Vancouver’s new school board has voted to re-instate the district’s controversial school liaison officer program.
It was a tight result Monday night, with five out of the nine trustees voting to revive the program, placing police officers in public schools.
The previous school board voted in April 2021 to end the half-century-old School Liaison Officer program, following an independent third-party review.
Reintroducing the program was a key plank in the ABC Vancouver party’s platform in the October election that saw them sweep to power.
Monday’s motion calls for Vancouver police to implement a “revised and reimagined School Liaison Officer (SLO) program, effective and operational no later than September 2023, which takes into consideration the thoughtful imputes and opportunities from the 2021 SLO engagement report” along with community feedback.
That review, conducted by Argyle Communications found a “spectrum of experiences” with the program, some positive and some negative.
Fifty-three per cent of students who responded said that the officers added a sense of safety to schools, but the numbers fell among Black and Indigenous students.
Just 15 per cent of Black students said they agreed with the statement, while 47 per cent of Indigenous students agreed.
Markiel Simpson, spokesperson for the BC Community Alliance, told Global News he’s had feedback from students and community advocates that the program is not wanted.
“That’s for racialized students such as the Black and Indigenous population, but it’s also for people with neurodivergencies and different sexual and gender orientations. All of their advocates and parents are saying they don’t want to see the SLO program re-introduced,” he said.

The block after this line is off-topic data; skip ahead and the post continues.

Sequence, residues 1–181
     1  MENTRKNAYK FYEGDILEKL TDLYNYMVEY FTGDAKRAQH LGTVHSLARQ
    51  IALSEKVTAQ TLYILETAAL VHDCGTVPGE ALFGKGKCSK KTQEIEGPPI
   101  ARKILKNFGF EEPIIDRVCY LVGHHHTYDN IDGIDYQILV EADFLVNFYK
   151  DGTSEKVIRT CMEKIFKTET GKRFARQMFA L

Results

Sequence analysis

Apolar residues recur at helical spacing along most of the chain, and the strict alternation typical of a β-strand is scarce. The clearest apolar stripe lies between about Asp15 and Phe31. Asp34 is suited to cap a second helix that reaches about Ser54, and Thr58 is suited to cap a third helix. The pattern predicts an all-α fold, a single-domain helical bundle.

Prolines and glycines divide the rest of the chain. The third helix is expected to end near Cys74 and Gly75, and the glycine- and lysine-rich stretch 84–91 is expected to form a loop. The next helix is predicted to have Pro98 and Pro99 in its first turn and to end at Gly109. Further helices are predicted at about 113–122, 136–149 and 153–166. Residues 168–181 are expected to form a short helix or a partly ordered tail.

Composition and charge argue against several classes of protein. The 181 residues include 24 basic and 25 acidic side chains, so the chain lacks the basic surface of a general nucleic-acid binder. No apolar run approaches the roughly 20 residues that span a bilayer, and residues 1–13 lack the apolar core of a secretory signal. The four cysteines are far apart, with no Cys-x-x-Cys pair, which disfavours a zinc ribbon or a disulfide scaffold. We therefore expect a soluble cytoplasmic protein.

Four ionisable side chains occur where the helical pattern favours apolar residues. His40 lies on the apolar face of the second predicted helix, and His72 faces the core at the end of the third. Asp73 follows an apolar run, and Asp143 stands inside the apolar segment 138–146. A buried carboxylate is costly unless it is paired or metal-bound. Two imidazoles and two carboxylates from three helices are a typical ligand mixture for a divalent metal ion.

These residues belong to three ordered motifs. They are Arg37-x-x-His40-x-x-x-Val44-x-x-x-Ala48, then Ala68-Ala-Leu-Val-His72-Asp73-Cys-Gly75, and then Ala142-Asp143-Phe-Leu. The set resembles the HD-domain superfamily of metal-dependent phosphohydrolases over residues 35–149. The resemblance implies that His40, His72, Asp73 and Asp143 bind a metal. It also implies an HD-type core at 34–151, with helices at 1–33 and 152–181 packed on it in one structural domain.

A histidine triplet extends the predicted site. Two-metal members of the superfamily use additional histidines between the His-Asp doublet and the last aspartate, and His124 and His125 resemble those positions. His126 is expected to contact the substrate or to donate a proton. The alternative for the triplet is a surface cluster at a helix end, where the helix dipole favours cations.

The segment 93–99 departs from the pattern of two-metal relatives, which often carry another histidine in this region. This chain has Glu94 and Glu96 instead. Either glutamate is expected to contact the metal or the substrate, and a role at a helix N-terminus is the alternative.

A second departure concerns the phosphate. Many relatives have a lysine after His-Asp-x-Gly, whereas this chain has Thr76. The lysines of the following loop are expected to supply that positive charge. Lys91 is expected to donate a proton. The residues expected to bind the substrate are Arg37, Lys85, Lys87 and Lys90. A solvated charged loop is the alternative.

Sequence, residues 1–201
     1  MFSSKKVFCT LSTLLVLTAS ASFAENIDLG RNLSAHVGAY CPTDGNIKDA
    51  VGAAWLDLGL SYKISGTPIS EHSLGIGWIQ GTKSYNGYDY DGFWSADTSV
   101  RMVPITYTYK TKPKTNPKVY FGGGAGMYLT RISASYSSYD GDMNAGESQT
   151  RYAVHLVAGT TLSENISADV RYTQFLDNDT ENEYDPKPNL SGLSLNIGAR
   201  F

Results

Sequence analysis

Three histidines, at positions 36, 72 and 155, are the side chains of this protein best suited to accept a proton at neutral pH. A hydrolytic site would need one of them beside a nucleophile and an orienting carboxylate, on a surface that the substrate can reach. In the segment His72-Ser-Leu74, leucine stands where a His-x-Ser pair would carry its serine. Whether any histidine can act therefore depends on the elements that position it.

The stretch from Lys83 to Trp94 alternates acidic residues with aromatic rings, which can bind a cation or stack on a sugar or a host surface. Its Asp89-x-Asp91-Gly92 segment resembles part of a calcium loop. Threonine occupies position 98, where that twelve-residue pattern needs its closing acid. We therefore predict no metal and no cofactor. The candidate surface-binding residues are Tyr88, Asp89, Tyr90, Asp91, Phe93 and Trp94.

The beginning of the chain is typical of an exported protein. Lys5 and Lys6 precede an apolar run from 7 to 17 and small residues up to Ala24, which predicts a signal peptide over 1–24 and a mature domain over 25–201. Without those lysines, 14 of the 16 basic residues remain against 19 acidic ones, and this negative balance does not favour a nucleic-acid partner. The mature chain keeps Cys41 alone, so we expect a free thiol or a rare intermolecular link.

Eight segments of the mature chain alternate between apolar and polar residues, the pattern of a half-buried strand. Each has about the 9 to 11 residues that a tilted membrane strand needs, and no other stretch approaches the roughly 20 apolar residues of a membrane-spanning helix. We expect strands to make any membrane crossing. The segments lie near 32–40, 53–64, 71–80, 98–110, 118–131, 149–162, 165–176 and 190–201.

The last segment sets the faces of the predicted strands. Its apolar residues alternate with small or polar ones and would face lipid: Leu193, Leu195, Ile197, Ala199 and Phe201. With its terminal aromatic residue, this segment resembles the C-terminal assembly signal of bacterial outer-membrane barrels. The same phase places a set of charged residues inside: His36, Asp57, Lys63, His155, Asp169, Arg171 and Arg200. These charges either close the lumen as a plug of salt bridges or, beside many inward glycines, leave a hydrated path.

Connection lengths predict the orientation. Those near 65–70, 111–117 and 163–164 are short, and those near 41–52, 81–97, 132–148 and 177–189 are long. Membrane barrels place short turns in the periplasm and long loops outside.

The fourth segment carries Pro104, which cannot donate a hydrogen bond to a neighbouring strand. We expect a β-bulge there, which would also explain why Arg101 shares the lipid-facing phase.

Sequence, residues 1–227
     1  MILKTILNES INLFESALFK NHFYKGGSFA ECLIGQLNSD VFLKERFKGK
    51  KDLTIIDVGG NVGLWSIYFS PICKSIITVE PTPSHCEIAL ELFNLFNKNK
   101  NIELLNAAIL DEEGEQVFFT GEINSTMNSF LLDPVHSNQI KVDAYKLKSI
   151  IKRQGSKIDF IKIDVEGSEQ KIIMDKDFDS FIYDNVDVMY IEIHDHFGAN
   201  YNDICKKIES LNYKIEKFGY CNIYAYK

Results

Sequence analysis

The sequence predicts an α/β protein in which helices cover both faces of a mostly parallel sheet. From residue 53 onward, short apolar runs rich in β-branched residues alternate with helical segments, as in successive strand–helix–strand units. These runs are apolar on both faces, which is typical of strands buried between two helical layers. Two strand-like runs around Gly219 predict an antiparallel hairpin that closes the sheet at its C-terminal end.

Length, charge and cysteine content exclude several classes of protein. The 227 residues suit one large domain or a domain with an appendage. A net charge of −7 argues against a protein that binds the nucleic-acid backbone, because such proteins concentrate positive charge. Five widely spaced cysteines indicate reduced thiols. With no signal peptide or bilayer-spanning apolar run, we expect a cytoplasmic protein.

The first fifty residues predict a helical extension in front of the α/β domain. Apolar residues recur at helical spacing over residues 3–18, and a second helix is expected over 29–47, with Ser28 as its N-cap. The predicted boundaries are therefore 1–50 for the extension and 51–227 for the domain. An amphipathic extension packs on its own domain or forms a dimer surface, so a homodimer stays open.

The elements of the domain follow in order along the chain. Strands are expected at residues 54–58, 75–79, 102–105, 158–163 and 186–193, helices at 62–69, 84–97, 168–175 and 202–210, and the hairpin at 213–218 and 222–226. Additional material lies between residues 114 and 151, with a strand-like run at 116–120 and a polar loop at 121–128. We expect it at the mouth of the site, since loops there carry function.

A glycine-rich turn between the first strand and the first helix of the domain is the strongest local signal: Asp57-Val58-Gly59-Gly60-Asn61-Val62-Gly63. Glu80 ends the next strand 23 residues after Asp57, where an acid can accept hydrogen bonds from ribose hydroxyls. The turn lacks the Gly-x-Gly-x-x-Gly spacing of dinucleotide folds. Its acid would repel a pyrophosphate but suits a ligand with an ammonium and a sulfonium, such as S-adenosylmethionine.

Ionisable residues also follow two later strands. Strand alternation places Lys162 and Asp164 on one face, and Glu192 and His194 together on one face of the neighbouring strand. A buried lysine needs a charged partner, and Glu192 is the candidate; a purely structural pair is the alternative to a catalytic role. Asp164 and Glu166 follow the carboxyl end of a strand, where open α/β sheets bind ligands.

“I don’t think there’s been a huge outcry from people to reintroduce this program, but more of a political agenda.”
Leona Brown, an Indigenous mother of three, said the history of police involvement with residential schools and the child welfare system has left many Indigenous people distrustful of their presence.
“I myself have been invaded by police knocking on my doors at all hours of the night, and it creates trauma. You don’t want to be around police because you’re not trusting them,” she said.
“If we’re going to decolonize and reconcile, listen to the Indigenous people about what we can do better.”
The program, however, has strong support among some parents who say the district should be doing everything it can to ensure safe schools.
Parent Harbie Bahd, who has a child at East Vancouver’s Killarney Secondary, pointed to back-to-back incidents at the school last June as an example.
In one of those incidents, police said a teenager who didn’t go to the school arrived with the intent of assaulting a student. Bear spray was deployed in a school hallway.
“Living in a big city here there’s a lot more social issues, a lot more mental issues, a lot more violence and crime and parents are a lot busier too, so just having that extra support in the community of an SLO does take some fear off some parents and just provides that safety for kids too,” he said.
“I think anything we can do to support our kids and our youth and our schools to make their education a lot easier and for teachers to feel more safe is something we should look at.”
This week, B.C. Human Rights Commissioner Kasari Govender called for the end of liaison officers in B.C. schools, saying marginalized communities had raised significant concerns.
Vancouver police say the program, which has run since 1972 and is fully funded by the VPD, plays a role in crime prevention and safety, and helps break down barriers between young people and police.